In the last post I mentioned ‘analytic’ and ‘continental’ philosophy. Philosophers out there will be familiar with those terms and what they mean, but since this conversation is supposed to be accessible to non-philosophers I thought I’d say a little bit about them.
There several philosophical traditions around the world. There are major philosophical traditions that arose in China, India, the Islamic world, and of course in the West (and there are still more in addition to those four). There are also many traditions of ‘wisdom’ literature (of which the Biblical book of Proverbs is a familiar example) that, depending on whom you ask, should be called philosophical traditions as well. In Western philosophy there are currently two major traditions, usually called ‘analytic’ and ‘continental’ philosophy. The first thing I’ve got to say about all this is by way of apology, that for the foreseeable future everything I’ve got to say here on Explicit Content is going to concern Western philosophy, and almost exclusively analytic philosophy. That’s because my training has been in the analytic tradition, and that’s where my expertise is. It’s not because I have disdain for any other tradition of philosophy. In fact I’m quite curious about Chinese and Japanese philosophy, but if your day job is to read, write, eat, drink and breathe philosophy, more philosophy makes for a tedious hobby.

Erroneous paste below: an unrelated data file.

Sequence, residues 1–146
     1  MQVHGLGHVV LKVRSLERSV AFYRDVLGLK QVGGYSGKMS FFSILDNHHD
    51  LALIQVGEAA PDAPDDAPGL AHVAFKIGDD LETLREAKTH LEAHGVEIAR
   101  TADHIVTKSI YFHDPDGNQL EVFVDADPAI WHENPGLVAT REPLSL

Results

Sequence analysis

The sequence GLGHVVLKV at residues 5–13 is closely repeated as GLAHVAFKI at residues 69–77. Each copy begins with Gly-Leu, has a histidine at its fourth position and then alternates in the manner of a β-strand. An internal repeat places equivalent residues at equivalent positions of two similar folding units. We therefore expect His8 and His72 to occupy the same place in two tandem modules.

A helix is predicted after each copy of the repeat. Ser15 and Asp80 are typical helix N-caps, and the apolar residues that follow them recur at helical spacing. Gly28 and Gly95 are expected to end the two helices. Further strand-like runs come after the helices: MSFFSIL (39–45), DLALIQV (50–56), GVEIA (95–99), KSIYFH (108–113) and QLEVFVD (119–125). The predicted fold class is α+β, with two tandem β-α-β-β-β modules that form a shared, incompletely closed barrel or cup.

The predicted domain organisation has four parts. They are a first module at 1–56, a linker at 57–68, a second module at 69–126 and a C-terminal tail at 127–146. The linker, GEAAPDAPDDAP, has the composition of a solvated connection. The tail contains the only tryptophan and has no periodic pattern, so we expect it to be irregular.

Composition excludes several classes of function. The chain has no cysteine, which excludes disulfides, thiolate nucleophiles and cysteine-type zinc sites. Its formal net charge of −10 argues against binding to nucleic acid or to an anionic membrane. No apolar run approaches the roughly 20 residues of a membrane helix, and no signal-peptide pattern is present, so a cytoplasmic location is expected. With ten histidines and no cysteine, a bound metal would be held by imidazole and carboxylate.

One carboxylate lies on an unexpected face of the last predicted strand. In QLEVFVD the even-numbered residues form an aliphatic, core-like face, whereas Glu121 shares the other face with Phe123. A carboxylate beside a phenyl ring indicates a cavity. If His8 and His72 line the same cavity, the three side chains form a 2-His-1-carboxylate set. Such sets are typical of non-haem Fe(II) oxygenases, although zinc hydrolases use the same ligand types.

A lot of people with at least a little education will have heard of a lot of the famous philosophers of the 20th Century, but most of them are not in my tradition. Kierkegaard and Nietzsche are considered continental philosophers, although they predate the divide. Husserl and Heidegger are continental philosophers. Sartre and Camus are continental philosophers. Derrida and Foucault are continental philosophers. All that literary theory stuff you learned in your English class in undergrad was continental philosophy. What gets frequently called post-modern philosophy is continental. Basically, all the 20th Century philosophy you’ve heard of is continental. Me, I do the other thing. Actually, we analytic philosophers get to claim a few famous names: Bertrand Russell, Ludwig Wittgenstein, W.V.O. Quine, Peter Singer, John Rawls.